Research published in the Journal of Financial Planning has estimated that retirees can expect to safely withdraw roughly 4 percent of their initial portfolio value, adjusted for inflation, each year in retirement (Bengen 1994). However, recent research has questioned whether the 4 percent rule is safe for retirees who are projected to face lower returns than those experienced by previous generations (Finke, Pfau, and Blanchett 2013; Pfau 2012).
- This study investigates maximum real sustainable withdrawal rates (SWRs) for retirement plans that incorporate the use of standby reverse mortgages (SRMs). The SWR is defined as the maximum real withdrawal rate with a minimum 90 percent plan survival rate for a 30-year retirement horizon.
- The SRM evaluated in this study is a Home Equity Conversion Mortgage (HECM) reverse mortgage line of credit that is established at the beginning of retirement and is used for retirement income during bear markets. Outstanding loan balances are repaid from the Investment Portfolio (IP) in bull markets.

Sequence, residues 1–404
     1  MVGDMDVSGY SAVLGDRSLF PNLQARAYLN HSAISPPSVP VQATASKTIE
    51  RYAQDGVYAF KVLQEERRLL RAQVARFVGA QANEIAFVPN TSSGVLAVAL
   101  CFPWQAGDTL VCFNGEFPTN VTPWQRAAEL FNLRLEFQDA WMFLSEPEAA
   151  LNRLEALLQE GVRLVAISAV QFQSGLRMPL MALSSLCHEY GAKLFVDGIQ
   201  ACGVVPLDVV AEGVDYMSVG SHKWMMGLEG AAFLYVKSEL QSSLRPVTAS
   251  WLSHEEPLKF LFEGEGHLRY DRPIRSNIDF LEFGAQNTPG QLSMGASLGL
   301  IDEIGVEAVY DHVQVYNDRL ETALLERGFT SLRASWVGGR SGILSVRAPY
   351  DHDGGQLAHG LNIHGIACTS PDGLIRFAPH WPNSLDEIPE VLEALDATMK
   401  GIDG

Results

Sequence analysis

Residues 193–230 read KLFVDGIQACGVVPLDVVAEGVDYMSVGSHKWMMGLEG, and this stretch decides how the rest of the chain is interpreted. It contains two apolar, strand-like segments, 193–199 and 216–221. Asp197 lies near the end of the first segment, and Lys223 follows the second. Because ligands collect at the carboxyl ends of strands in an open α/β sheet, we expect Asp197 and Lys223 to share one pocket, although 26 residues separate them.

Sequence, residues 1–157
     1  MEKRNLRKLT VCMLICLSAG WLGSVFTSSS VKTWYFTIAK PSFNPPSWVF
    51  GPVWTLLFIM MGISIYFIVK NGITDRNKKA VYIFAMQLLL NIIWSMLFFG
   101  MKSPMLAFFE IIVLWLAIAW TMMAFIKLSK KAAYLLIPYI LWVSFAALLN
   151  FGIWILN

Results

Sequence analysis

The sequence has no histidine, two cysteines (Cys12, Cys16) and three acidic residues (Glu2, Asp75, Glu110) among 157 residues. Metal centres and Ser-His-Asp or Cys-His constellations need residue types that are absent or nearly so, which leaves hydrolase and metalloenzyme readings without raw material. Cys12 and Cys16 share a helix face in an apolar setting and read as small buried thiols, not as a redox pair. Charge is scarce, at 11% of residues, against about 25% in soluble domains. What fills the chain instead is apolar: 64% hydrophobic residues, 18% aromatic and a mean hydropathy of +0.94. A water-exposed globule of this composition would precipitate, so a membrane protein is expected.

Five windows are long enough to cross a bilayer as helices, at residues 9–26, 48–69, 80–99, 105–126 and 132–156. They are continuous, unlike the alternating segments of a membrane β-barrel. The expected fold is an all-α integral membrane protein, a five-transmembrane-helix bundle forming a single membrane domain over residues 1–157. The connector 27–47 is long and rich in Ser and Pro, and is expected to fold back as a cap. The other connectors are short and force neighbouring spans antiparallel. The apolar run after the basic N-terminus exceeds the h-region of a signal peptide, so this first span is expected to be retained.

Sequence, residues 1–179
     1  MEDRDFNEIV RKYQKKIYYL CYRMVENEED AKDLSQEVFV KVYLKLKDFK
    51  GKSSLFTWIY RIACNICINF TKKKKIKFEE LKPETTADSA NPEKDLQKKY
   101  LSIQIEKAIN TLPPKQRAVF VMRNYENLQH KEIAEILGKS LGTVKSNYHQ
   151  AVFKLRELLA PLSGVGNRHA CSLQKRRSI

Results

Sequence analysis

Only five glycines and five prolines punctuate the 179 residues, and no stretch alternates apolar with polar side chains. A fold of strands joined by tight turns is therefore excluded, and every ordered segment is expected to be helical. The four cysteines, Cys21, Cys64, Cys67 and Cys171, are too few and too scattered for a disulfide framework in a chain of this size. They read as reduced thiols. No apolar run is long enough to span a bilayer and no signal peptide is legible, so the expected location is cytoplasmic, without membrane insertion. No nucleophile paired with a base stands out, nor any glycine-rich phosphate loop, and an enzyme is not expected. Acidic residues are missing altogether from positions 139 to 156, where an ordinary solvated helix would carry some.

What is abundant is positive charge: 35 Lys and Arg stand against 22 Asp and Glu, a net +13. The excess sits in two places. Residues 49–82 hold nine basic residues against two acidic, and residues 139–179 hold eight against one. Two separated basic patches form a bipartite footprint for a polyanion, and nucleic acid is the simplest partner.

- Monte Carlo simulations were used to estimate the success of the SRM strategy at various real withdrawal rates for a client who has a $500,000 investment nest egg and $250,000/$500,000 in home equity at the beginning of retirement. The $500,000 nest egg is split into a 60 percent stocks and 40 percent bonds IP and a six-month cash reserve.
- Retirees who begin retirement in a low interest rate environment (2.3 percent yield on 10-year U.S. Treasury bond) with competitive lending terms and significant home equity relative to the IP stand to benefit the most from an SRM strategy. Interest rates and the size of the initial line of credit relative to the IP are the two factors that are shown to have a significant impact on the SWR for the SRM distribution strategy.
- Results pertaining to the low interest rate and current lending environment indicate that a 5.0 percent SWR is attainable for the SRM strategy when home equity is at least 50 percent of the IP at retirement. The SWR for the SRM strategy is estimated to be as high as 6.75 percent for retirees in the low interest rate environment where home equity is equal to the IP at the beginning of retirement.